Resurrected from the ashes, Erik Buell is back in the sportbike business with the EBR 1190RX. We give it a shakedown in the 2014 EBR 1190RX First Ride Video.
After a six-year hiatus, America is back in the Superbike arms race with the Erik Buell Racing 1190RX ($18,995). The 1190 is the evolution of the defunct Buell 1125R platform that was abruptly shut down by then parent company, Harley-Davidson. The RX is based off EBR’s limited-edition and carbon fiber-clad $46,495 RS, only with a host of re-engineered hardware, and most importantly, a more lucrative price tag.
The RX represents EBR’s first true mass-produced sportbike. It represents all that Erik Buell and company have learned through the trials and tribulations of the last four decades, putting America back on the map in the sportbike world. For more technical information on the motorcycle, please review the First Look article as this report will focus on the riding impression from a wet test at America’s most historic motorsports venue: Indianapolis Motor Speedway.
Paying attention to the position of the heaviest components of the machine has always been a primary design concept at Buell. As such, the 1190RX has a contemporary weight-centered design. Sitting at the controls the RX feels neat between the rider’s legs, on par with its claimed 447 pound fully-fueled curb weight. The seating position is slim and proportioned well from front-to-rear—though it may be just a smidge compact for taller folks. Despite its short-ish windscreen, the cockpit certainly isn’t cramped and it’s clear engineers spent considerable time honing the riding position with it feeling about as natural as the gold standard in the class: Honda’s CBR1000RR. Other clever touches include the ability to adjust the position of the wide knurled footpegs and the location of the shifter and back brake pedal.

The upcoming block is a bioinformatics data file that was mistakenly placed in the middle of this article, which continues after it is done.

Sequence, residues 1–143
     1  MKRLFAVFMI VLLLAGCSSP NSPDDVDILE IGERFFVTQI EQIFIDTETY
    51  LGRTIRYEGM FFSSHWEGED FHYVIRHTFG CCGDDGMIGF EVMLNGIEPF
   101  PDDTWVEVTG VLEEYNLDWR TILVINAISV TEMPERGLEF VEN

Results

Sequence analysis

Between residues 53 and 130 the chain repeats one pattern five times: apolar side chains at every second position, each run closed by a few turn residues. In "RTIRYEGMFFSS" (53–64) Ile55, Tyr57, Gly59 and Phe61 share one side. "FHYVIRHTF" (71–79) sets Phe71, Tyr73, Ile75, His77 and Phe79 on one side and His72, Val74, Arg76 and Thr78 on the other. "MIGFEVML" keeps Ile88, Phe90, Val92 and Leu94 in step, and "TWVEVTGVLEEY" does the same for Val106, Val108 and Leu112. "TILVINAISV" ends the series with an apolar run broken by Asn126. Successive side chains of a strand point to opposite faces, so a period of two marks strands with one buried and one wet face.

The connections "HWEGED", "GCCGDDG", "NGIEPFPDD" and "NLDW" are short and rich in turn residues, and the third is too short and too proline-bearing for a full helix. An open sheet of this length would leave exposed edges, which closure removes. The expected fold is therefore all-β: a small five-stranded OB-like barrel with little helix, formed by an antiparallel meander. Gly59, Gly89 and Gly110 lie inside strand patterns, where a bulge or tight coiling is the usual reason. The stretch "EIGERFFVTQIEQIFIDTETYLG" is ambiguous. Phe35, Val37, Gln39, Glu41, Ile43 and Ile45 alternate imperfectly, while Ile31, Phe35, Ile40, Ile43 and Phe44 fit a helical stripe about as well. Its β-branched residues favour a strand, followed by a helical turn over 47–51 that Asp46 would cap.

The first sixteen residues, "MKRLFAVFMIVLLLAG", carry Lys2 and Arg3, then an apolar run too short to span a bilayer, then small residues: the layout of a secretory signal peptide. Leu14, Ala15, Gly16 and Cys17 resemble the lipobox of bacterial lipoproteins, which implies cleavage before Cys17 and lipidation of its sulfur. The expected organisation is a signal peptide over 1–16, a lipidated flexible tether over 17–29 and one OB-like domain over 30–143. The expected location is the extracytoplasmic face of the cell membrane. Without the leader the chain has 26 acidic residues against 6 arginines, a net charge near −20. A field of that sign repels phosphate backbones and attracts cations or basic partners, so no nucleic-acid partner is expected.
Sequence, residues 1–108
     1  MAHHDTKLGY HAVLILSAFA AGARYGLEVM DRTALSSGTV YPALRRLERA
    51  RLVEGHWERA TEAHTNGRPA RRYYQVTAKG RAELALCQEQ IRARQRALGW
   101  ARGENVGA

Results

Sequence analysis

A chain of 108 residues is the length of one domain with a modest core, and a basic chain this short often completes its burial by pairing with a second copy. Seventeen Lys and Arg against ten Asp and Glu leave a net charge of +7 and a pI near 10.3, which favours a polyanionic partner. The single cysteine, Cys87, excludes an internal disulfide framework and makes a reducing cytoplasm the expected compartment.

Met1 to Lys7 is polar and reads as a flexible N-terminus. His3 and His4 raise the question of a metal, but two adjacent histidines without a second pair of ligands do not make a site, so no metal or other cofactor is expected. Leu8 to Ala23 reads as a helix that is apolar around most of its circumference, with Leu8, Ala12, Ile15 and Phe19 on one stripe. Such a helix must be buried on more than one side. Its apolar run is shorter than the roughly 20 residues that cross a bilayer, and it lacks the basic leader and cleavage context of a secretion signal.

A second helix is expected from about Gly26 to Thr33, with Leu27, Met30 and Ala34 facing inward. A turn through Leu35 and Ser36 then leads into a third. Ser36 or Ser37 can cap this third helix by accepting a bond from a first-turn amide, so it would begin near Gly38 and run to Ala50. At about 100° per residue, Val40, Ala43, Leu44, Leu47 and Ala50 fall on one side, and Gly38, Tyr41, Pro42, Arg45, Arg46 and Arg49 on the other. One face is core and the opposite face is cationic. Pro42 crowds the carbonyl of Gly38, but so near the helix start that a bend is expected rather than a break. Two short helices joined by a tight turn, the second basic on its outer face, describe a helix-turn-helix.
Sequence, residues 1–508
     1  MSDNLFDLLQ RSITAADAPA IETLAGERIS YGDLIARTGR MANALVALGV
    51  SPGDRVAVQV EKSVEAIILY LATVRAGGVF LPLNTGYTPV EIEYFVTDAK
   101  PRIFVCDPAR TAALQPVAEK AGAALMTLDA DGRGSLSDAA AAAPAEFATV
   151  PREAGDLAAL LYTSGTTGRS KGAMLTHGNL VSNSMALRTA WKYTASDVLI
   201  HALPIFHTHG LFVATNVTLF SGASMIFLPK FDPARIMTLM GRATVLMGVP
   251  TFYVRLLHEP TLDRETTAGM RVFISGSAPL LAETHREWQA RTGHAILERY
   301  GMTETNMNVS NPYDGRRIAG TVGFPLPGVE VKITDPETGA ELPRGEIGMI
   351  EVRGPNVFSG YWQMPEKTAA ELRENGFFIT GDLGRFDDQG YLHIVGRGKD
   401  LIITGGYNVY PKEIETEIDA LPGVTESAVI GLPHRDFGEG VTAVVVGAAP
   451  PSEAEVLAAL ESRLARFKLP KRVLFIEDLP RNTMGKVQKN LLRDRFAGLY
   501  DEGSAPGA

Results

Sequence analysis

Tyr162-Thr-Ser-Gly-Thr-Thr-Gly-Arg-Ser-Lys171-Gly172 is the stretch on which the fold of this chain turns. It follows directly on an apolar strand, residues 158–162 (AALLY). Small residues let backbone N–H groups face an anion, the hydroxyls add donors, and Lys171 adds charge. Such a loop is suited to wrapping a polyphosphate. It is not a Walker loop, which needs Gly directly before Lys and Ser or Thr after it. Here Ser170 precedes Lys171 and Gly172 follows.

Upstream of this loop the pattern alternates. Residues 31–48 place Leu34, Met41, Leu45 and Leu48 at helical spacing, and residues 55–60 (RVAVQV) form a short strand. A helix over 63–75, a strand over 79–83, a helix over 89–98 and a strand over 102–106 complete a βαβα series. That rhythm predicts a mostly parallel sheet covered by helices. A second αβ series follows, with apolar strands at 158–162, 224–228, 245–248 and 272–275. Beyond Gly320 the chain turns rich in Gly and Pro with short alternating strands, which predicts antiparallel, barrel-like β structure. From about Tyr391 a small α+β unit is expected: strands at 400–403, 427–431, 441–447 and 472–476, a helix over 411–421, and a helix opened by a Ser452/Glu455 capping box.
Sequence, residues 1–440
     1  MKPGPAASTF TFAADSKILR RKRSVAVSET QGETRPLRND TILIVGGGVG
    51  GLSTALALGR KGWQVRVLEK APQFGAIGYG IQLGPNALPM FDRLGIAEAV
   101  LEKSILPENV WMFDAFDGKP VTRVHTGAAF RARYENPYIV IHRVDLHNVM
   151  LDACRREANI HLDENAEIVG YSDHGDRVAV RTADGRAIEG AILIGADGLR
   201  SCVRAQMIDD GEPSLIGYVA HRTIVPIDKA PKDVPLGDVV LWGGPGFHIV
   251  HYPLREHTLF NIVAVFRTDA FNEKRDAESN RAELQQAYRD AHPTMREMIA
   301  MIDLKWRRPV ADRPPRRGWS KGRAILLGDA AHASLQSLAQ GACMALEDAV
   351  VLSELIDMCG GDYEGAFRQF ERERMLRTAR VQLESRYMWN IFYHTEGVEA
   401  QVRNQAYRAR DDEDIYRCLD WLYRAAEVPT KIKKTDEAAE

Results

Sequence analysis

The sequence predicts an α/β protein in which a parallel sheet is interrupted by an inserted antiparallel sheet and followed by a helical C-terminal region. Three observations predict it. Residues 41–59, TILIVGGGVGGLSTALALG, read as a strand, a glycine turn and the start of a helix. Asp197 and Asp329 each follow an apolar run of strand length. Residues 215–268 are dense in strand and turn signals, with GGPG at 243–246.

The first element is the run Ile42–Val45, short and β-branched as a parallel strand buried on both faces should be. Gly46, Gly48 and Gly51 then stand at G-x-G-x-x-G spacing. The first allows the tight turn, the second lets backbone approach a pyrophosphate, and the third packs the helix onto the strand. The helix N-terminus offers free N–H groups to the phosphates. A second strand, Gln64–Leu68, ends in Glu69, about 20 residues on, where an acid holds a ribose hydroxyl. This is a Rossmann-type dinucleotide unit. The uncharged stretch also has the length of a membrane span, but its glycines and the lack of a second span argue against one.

(Top) The 1190RX is powered by an 1190cc liquid-cooled 72-degree V-Twin. While the engine was originally designed by Rotax, EBR has taken ownership of the design and now develops and manufactures it in-house. (Center) The rear suspension works in harmony with the engine and powerband allowing for superb drives off corners—even in the wet. (Bottom) The 1190RX gets EBR’s proprietary perimeter-style single front disc brake and caliper. The system works well, with a high amount of stopping force and tire/brake feel, however the set-up didn’t feel as bullet-proof as a conventional twin rotor and caliper set-up.
Perhaps the ultimate testament to how well EBR engineered its chassis is how quickly we got acclimated with it, on an unfamiliar, rain-soaked circuit, on standard OE-fitted Pirelli Diablo Corsa Rosso street tires. In these conditions, having a bike that is balanced and easy on the tires (in terms of loading and weight transfer) is key—and a quality the 1190RX has in spades. Steering is neutral but precise, and the suspension feels connected to the surface of the road. It’s an easy machine to climb around on, and responds naturally to rider input.
The RX is equipped with a simple, but effective traction control system (developed in-house) that also incorporates wheelie mitigation functionality. Twenty levels are offered (as well as ‘off’). We began in setting 15 (the higher the number the more electronic intervention when excessive wheel spin is detected). In this setting the bike restricts full-throttle application, doling out only as much power as the electronics deem safe for the conditions.